DMPQ-Discuss the importance of Sarva Shiksha Abhiyan to ensure the right of children to free and compulsory education.

Article 21-A of the Constitution of India and its consequent legislation, the Right of Children to Free and Compulsory Education (RTE) Act, 2009 became operative in the country in 2010. The RTE Act confers the right to elementary education on all children, in the age group of 6-14 years, on the basis of equality of opportunity in a formal school which satisfies certain essential norms and standards. All states and UTs have notified their state RTE Rules. The centrally sponsored scheme of Sarva Shiksha Abhiyan (SSA) supports states and UTs in their efforts to implement the RTE Act. Its interventions include, inter alia, opening of new schools, construction of schools and additional classrooms, constructing toilets and drinking water facilities, provisioning for teachers, in- service training for teachers and academic resource support, free textbooks and uniforms, support for improving learning achievement levels, research, evaluation and monitoring.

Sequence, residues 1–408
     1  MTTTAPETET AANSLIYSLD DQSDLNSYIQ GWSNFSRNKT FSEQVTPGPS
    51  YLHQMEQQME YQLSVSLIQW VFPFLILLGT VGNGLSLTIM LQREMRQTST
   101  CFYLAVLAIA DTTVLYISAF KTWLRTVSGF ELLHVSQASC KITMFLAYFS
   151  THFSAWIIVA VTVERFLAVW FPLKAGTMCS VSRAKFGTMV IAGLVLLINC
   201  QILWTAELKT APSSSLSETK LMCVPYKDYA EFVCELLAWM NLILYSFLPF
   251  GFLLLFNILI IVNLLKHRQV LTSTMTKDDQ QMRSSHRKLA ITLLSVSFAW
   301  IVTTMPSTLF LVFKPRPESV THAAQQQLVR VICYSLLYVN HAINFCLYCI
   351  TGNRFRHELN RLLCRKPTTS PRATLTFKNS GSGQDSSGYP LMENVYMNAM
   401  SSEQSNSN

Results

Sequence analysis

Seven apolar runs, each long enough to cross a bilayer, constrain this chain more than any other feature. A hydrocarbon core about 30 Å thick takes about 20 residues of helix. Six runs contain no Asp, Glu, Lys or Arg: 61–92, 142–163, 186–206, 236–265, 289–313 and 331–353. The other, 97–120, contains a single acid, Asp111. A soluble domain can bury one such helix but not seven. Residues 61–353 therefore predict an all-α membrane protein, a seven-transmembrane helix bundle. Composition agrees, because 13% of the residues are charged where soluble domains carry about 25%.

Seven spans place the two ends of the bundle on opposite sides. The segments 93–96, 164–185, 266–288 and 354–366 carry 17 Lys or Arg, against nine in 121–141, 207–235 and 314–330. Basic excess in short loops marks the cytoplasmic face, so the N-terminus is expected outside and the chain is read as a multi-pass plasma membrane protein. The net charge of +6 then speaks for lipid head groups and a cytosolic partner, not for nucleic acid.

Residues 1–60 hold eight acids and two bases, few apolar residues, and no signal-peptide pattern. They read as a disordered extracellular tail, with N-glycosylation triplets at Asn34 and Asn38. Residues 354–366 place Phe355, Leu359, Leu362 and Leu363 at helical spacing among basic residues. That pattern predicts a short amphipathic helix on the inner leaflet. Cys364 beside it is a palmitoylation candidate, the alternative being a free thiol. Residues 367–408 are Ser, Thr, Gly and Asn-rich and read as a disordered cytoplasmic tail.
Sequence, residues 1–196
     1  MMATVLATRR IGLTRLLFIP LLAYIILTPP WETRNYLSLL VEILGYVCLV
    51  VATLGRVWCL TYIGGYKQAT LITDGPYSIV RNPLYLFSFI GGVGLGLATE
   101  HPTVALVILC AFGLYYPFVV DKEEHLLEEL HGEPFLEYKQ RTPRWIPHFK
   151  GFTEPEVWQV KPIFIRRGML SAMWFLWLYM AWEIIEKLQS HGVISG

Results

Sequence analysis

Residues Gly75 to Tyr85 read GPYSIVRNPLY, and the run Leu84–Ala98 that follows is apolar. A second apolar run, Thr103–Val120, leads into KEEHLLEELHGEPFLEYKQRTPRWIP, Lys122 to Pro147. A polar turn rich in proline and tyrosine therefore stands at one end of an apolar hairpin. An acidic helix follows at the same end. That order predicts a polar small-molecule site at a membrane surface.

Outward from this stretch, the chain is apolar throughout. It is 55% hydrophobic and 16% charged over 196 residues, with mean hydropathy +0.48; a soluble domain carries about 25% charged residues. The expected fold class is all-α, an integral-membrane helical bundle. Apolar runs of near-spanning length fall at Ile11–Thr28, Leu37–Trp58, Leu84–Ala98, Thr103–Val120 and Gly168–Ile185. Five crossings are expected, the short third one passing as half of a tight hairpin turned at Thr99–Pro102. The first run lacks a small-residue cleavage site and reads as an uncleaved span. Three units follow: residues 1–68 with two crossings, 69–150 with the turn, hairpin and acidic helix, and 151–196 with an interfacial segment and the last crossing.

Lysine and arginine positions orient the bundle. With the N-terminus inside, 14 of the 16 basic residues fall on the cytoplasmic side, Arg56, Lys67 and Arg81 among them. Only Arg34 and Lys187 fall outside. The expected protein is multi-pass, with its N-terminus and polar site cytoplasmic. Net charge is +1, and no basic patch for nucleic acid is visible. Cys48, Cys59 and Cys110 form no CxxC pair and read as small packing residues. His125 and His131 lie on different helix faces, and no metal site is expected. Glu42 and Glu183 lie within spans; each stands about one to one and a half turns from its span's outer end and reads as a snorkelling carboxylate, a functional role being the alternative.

The Sarva Shiksha Abhiyan (SSA) Programme is being implemented since 2001 for universalization of elementary education. It has made significant progress in achieving near universal access and equity.

New Schools

Progress in achieving the goal of universal access under SSA has been consistent over the years. Over the years 2,04,740 primary schools have been sanctioned along with 1,59,415 upper primary schools in a radius of 3 km.

Special Training for mainstreaming out-of-school children

The RTE Act makes a specific provision for Special Training for age-appropriate admission for out-of-school children. A majority of out-of-school children belong to disadvantaged communities – scheduled castes, scheduled tribes, Muslims, migrants, children with special needs, urban deprived children, working children, children in other difficult circumstances, for example, those living in difficult terrain, children from displaced families, and areas affected by civil strife, etc. Special training may be in the form of residential or non-residential courses organized, preferably in the premises of the school, but if such facilities are not available in school, alternate facilities which are safe, secure and accessible may be identified and used.

Residential facilities

SSA has a provision for residential facilities in sparsely populated or hilly and densely forested areas with difficult geographical terrains and in densely populated urban areas. SSA has provided 826 residential institutions with a capacity of around 90,855 children.

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